In the book of James, the word “religion” is translated from the Greek noun θρησκεία, transliterated threskeia. This word is found only four times in the New Testament, and carries a singlular sense of “worship.” James 1:27 is the only verse which gives a working definition of Biblical religion—or more accurately—worship. It can be broken into two interrelated parts that encompass the whole of the law: (1) loving one’s neighbor, and (2) loving one’s self (Lev 19:18; Jas 2:8).
Firstly, we see God’s care for the helpless taught throughout the Bible. In the Old Testament, special care is commanded for orphans and widows within God’s covenant community (Exo 22:22; Deu 24:17). In the New Testament, Jesus reveals that this care is personally received by him—or God himself (Matt 25:31-37).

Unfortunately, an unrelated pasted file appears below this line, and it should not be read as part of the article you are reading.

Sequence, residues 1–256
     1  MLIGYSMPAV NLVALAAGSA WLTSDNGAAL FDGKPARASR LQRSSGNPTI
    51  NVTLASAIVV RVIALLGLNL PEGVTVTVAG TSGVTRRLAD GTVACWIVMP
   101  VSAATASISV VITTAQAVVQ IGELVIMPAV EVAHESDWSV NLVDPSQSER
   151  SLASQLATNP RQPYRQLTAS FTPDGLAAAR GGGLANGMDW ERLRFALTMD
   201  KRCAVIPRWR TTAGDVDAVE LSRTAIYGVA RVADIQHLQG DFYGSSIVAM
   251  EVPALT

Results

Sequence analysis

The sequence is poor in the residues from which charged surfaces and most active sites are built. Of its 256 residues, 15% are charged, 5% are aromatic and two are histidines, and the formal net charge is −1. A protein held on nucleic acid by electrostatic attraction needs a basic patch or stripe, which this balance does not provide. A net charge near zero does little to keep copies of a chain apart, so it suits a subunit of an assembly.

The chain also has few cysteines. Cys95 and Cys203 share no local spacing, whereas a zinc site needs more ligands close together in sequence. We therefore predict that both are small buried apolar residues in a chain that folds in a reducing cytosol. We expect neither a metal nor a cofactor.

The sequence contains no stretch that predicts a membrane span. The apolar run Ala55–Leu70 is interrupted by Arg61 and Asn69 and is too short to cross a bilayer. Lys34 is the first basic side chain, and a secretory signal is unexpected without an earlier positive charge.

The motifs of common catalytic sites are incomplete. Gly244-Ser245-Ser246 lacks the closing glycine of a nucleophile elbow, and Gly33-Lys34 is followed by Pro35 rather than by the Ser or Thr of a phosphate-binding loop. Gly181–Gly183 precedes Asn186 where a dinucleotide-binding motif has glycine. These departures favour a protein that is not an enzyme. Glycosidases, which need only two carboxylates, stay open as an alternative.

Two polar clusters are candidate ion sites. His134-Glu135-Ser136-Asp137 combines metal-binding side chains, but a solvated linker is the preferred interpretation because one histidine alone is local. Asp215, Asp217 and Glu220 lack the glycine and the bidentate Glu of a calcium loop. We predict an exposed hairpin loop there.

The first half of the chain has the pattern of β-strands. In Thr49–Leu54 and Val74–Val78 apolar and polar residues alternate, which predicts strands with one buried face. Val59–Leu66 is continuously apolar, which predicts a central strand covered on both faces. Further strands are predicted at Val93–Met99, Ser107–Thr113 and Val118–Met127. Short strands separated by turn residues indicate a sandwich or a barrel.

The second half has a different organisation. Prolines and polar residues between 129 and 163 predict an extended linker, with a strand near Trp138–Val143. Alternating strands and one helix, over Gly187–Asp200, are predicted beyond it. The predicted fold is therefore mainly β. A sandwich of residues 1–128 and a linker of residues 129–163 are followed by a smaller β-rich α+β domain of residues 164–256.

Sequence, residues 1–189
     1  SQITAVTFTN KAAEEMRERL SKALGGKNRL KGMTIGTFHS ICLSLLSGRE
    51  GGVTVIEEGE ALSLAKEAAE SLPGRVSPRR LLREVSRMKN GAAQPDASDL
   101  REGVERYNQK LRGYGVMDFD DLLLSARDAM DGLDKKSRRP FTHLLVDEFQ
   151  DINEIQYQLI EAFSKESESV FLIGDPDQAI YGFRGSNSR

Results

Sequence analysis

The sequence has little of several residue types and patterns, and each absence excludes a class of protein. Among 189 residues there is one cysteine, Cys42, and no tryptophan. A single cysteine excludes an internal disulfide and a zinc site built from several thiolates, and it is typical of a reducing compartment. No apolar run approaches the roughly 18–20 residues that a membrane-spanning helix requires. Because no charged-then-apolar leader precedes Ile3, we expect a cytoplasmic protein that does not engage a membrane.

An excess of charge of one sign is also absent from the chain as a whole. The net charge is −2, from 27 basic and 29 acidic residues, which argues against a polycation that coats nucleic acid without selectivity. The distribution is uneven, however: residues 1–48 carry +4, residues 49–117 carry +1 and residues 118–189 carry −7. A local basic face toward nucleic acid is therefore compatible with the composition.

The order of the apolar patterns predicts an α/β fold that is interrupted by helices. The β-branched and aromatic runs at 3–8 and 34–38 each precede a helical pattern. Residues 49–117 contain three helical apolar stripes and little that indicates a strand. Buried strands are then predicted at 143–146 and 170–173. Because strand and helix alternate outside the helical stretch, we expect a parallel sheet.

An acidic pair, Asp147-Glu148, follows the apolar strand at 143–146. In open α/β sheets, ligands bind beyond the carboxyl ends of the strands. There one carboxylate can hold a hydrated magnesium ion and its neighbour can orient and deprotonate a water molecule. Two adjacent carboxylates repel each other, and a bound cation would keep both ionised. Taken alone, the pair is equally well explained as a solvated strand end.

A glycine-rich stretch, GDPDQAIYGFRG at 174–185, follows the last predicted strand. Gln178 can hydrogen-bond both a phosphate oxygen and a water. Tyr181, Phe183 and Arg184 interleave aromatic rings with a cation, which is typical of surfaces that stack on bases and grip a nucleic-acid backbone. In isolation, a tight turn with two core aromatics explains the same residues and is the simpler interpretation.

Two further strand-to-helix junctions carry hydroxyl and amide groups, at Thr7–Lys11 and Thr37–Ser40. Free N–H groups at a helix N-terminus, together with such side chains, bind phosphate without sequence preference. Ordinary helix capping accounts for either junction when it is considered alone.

Secondly, James teaches that true religion also involves “[…] keep[ing] oneself unspotted from the world” (1:27). This command echoes the Royal law of loving one as oneself. For example, Paul teaches that “[…] sexual sins are sins against one’s own body” (1 Cor 6:18). Thus, to be spotted by the world—is to sin against oneself.